|Publication number||US6989696 B2|
|Application number||US 10/707,066|
|Publication date||Jan 24, 2006|
|Filing date||Nov 19, 2003|
|Priority date||Nov 19, 2003|
|Also published as||US20050104637|
|Publication number||10707066, 707066, US 6989696 B2, US 6989696B2, US-B2-6989696, US6989696 B2, US6989696B2|
|Inventors||Rolf Hilgendorf, Jens Kuenzer, CÚdric Lichtenau, Thomas Pflueger, Mathew I. Ringler, Gerard M. Salem, Peter A. Sandon, Dana J. Thygesen, Ulrich Weiss|
|Original Assignee||International Business Machines Corporation|
|Export Citation||BiBTeX, EndNote, RefMan|
|Patent Citations (5), Referenced by (3), Classifications (6), Legal Events (4)|
|External Links: USPTO, USPTO Assignment, Espacenet|
The present invention generally relates to the field of integrated circuits. More particularly, the present invention is directed to a system and method for synchronizing multiple divide-by counters with one another.
Trends toward mobile and wireless computing and other power-sensitive applications utilizing various integrated circuit (IC) chips have created a need for multi-power-mode ICs that can operate in relatively low power mode when full processing speed is not needed. One approach for decreasing the dynamic power consumption of an IC is to slow down its functional clock(s). One way to slow down such clocks is to scale the clock frequency dynamically using a divide-by counter to generate one or more signals that each have a frequency that is a fraction of the full-power frequency. Each of these fractional, or divide-by, frequency clock signals may then be used during a low-power mode.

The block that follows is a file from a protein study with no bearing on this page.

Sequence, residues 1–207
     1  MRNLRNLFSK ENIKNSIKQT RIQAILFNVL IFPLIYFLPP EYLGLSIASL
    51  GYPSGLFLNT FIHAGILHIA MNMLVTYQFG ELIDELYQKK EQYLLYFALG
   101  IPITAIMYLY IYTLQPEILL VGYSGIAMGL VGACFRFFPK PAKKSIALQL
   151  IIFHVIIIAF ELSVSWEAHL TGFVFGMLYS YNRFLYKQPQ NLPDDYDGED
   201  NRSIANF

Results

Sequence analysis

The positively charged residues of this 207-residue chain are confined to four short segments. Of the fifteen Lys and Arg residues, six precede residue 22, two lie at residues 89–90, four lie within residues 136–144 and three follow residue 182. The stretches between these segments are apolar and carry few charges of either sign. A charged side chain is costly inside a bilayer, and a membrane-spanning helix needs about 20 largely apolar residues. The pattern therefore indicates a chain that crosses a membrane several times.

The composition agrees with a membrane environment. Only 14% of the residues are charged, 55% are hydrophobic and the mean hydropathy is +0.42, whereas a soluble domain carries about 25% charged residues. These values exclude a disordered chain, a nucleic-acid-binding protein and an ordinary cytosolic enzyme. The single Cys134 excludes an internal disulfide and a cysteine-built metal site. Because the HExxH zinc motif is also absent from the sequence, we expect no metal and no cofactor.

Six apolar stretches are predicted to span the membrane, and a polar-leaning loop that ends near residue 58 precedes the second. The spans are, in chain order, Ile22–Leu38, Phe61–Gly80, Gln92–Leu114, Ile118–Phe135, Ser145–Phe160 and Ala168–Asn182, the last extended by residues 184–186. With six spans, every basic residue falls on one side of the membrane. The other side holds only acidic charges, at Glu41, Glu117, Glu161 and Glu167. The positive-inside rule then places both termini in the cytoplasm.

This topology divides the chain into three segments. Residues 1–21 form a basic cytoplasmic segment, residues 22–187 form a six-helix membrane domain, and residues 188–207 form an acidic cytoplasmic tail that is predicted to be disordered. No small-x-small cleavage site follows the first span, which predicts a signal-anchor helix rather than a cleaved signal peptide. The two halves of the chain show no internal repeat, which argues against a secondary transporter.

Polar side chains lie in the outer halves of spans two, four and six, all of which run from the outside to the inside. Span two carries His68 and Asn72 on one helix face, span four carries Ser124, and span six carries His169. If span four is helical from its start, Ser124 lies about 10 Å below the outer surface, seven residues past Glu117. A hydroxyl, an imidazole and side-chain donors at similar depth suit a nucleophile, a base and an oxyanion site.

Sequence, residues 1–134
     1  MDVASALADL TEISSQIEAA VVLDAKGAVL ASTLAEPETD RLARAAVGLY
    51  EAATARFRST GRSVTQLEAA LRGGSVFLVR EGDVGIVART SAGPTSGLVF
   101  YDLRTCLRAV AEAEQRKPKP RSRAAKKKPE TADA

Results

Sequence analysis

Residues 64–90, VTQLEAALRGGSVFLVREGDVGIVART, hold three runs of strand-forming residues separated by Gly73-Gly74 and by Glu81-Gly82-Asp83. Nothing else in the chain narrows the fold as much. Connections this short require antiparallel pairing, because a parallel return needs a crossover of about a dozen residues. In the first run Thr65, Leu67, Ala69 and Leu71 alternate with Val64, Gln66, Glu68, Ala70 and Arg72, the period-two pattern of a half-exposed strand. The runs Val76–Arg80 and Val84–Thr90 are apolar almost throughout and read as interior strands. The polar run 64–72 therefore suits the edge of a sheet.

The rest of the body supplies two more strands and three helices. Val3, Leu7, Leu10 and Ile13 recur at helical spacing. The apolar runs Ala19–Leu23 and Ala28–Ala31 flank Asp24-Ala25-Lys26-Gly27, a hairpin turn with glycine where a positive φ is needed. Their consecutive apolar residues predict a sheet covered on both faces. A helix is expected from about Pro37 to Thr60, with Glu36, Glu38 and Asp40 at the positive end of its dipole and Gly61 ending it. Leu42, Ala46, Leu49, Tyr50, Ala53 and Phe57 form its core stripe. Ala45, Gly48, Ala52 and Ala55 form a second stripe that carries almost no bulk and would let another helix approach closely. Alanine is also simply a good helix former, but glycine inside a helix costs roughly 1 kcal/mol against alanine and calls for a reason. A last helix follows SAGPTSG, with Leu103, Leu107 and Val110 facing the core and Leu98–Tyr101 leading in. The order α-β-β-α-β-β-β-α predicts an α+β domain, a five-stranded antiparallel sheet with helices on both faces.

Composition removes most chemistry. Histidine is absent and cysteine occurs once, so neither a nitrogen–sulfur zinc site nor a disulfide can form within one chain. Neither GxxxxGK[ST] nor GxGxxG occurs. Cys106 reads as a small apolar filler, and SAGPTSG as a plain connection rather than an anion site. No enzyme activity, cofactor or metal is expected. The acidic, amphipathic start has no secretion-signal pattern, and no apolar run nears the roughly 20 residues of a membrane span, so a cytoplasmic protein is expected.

For operations such as system frequency scaling, voltage scaling and communications, it is necessary that systems containing multiple divide-by counters have their counters synchronized with one another. However, a synchronization problem arises at startup due to the initial states of the divide-by counters being unknown. A conventional solution to synchronizing multiple divide-by counters would be to synchronize the counters to a system clock. This solution, however, is not satisfactory when the clock signal experiences a clock mesh delay, i.e., the delay caused by the clock mesh between each divide-by counter and the clocked functional latches, is greater than the cycle time of the corresponding clock. This is so because across the various frequencies of the multiple clock domains, the individual counters could be reset to different clock cycles since the respective signals are in separate domains. Accordingly, there is a need for a system and method for synchronizing multiple divide-by counters across multiple clock domains.